The Placentia Library District set out to discover patrons’ origins and paths to Placentia, record their family histories, and celebrate Hispanic culture. The major events they organized included a Hispanic Chalk Art Festival and a Lotería program in two neighborhoods with large immigrant communities. The library discovered that adults found a lot of value in bringing children to the library programs such as bilingual story time, which is now being offered weekly in response to increased demand.
My City, My Voice in the City of Commerce
The City of Commerce Public Library began their Library Innovation Lab work with community surveys, which ended up informing much more than library programs—respondents included information that proved valuable to city departments including Transportation and Parks. They came up with the theme My City My Voice / Mi Ciudad, Mi Voz with programs that would offer tools for participants to express themselves, learn new skills, and learn about the city. The resulting programs not only increased connections between the immigrant community and the library, but also educated a lot of people—many immigrants didn’t previously know about city services. A local chef offered a mole tasting and spoke about her journey as an immigrant woman opening a restaurant; a local poet led a writing workshop that brought attendees to happy tears; an oral history project invited patrons to be interviewed about their lives; a Day of the Dead program got participants talking about how different cities celebrate the holiday, and more programs. As one of the Library Innovation Lab mentors said, the library, “really spoke the language of the community, not just in terms of Spanish, but in really meeting them where they are at.”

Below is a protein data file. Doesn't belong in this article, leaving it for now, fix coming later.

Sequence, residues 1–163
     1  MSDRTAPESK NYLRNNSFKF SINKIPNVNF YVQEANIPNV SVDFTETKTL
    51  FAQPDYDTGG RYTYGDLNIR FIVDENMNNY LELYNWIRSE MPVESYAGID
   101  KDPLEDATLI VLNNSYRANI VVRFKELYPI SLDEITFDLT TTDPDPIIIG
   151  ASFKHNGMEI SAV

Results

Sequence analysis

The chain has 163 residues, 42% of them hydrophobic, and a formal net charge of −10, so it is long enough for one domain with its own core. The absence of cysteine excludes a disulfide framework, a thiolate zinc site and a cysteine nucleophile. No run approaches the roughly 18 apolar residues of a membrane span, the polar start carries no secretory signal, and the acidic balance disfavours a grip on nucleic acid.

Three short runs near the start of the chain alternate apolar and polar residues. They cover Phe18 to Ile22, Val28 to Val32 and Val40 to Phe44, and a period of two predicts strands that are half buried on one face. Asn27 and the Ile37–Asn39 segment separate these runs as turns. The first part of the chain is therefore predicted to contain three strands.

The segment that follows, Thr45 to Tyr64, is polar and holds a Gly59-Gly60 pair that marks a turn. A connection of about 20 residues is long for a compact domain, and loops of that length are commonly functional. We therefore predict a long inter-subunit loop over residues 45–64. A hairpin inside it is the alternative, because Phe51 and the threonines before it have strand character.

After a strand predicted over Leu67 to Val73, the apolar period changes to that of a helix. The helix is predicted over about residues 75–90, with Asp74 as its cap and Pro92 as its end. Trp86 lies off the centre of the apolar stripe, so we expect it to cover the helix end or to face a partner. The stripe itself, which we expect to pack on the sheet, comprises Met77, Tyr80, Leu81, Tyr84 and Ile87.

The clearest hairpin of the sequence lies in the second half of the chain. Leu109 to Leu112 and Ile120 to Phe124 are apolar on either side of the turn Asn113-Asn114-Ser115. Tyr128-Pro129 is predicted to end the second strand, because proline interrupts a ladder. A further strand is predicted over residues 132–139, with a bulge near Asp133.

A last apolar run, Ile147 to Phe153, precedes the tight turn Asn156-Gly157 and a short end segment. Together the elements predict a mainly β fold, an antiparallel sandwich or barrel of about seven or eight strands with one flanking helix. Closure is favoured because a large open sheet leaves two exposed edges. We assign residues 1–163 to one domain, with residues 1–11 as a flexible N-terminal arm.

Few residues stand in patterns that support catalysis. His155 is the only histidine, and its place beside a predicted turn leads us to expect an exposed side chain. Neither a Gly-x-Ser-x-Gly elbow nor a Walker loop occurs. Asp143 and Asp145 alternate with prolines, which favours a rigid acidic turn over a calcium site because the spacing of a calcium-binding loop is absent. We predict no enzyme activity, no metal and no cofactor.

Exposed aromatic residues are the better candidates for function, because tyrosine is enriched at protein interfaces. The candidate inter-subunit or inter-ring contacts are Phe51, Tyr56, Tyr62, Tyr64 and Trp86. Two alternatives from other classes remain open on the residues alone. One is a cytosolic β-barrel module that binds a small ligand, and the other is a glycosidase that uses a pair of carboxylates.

Connecting Cultures in Mid-City Los Angeles
The Washington Irving Branch of the Los Angeles Public Library focused specifically on immigrants from Asian, Latino, and Ethiopian communities—cultural backgrounds that make up a large portion of the diverse population surrounding the branch. An author talk focused on the history of Mexican American immigration was so popular that no one wanted to leave when it was over. An event focused on healthy food choices and a cooking demo included a produce box and cookbook giveaway, which the library held again due to popular demand. Despite having a large Ethiopian community, there was a lack of culturally specific programming in the area, so when the library offered a traditional coffee service and dance performance, many community members showed up enthusiastically in traditional dress and danced along. The event was so popular that it has since been added to a master list of programs available to branches throughout the Library system.